Second, consider the walls. Color is not the only change that you can do when wanting to change the look of your living room. Try focusing on what new materials you could add to them. Also, be ready to take it down in order to extend the size of the living room while maximizing the unnecessary space allocated to adjacent rooms. If your house was built decades ago, consider changing the panels. You can use wood, glass or steal for real texture.
So the interior didn't compete with views of the farm, the owner of this Alberta farmhouse opted for crisp white paint on the walls and ceiling, and blue draperies that complement the large stretch of sky outside the windows. Light pine floors with a single coat of whitewash allow the wood's natural grain to show without taking away from the room's airy feel.
Materials that connect to the location are key to character building. Sisal hints at the marsh grasses in an elegant way and is also durable, easy to clean, and ideal for layering. The alligator skull speaks to the local wildlife, while palms in antique glass and fern-patterned pillows are additional nods to the room's Lowcountry vibe and provide a carefree polish.
On the average, renovations for ceiling treatments in living rooms run from $500 to $2300 per project, varying on the types of material used, the complexity of the project, the type of labor and installation. Projects which are more complex are obviously more expensive. Some of these require multiple stage installations such as constructing a built up or drop ceiling and applying features. The height of the ceiling is also a critical aspect of the cost since high ceilings require added scaffolding and are more difficult to deal with. The shape of the ceiling is also another cost factor as slanted and curved ceilings are much harder to install than flat ceilings. The more complex the design of the ceiling is the more extensive the prep work is, the more site visits required and the more added staging and equipment needed for construction.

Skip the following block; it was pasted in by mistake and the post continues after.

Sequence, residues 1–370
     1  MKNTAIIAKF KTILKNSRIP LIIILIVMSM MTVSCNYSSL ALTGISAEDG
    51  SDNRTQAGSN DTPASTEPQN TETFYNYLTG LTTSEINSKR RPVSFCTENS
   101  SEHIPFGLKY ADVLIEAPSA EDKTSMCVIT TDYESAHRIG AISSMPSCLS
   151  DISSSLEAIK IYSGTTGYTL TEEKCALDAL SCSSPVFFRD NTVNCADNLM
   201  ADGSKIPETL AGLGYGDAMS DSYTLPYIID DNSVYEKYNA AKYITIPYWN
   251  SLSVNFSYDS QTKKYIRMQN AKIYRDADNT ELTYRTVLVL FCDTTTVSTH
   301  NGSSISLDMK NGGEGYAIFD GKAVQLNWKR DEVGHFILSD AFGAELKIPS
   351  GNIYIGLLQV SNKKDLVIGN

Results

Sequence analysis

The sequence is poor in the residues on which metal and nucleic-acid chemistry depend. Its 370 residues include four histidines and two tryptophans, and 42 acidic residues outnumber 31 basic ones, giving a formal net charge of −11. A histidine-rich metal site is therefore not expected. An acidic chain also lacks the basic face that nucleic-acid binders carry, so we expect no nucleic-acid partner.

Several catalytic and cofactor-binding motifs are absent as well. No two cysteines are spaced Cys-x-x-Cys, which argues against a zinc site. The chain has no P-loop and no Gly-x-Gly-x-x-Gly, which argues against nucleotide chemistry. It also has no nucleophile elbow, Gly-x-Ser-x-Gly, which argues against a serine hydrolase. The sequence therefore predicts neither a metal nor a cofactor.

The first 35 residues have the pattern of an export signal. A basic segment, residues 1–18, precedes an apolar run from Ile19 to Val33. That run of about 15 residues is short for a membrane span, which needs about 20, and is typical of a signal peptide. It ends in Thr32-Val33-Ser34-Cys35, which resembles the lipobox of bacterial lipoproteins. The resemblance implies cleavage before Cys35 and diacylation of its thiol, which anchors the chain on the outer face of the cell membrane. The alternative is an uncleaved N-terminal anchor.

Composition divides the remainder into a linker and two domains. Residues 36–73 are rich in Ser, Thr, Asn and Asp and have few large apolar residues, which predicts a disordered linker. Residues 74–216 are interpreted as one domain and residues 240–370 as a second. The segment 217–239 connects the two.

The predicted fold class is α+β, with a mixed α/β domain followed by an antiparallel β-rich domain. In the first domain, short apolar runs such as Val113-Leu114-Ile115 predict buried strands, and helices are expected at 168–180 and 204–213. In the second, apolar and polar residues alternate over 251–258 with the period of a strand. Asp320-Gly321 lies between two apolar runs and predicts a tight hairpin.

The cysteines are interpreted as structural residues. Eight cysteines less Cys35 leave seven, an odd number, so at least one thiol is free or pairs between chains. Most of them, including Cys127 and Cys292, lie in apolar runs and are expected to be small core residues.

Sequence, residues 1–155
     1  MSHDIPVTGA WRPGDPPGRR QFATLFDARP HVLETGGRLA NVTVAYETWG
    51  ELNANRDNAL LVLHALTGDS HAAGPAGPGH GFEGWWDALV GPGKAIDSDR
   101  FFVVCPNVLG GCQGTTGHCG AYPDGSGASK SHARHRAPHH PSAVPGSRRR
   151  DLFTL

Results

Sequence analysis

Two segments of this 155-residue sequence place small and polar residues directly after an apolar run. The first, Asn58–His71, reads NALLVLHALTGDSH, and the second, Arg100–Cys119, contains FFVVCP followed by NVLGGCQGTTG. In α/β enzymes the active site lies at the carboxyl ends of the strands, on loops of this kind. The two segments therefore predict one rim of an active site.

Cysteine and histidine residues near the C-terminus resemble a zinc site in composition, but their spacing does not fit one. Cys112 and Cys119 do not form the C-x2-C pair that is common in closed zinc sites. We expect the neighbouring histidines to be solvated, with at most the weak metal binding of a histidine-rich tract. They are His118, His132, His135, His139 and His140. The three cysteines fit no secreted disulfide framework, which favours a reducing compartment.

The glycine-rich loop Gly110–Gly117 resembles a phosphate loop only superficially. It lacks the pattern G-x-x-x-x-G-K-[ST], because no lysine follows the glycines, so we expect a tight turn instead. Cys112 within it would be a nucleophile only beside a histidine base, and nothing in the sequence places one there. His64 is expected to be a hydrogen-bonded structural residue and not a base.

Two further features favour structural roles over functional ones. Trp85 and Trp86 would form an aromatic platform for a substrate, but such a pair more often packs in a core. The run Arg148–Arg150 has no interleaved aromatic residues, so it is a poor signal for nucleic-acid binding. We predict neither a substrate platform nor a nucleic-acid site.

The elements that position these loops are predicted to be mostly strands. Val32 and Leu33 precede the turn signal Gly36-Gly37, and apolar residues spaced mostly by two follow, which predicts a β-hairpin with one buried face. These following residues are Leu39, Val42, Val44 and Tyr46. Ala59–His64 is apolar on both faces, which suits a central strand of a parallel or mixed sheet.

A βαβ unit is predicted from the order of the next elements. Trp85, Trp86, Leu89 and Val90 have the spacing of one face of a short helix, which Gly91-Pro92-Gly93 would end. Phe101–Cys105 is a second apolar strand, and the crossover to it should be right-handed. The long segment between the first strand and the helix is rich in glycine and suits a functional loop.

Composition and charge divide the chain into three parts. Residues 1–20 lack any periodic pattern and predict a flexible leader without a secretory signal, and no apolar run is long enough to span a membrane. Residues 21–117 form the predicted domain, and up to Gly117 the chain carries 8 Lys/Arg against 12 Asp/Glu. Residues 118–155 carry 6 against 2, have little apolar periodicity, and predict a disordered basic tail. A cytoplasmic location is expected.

As we've mentioned a few times already, a small space doesn't mean you can't have fun with color. So if you love incorporating pretty pastels or vivid brights but want to make sure your living room doesn't look chaotic, the trick is to stick to a tight color palette. Mixing patterns is also fair game, especially when done as masterfully as this cheerful room designed by Ellen Kavanaugh.
You spend a lot of time in your living room, so it not only needs to look great, but it needs to be functional and comfortable. Blending all three things can be tricky, but we've got plenty of examples to inspire you. From modern and formal spaces to approachable and rustic environments, there's a living room idea you'll want to steal below. Keep reading for forty-five stylish designer living room tips, ideas, and shopping suggestions for spaces of any size.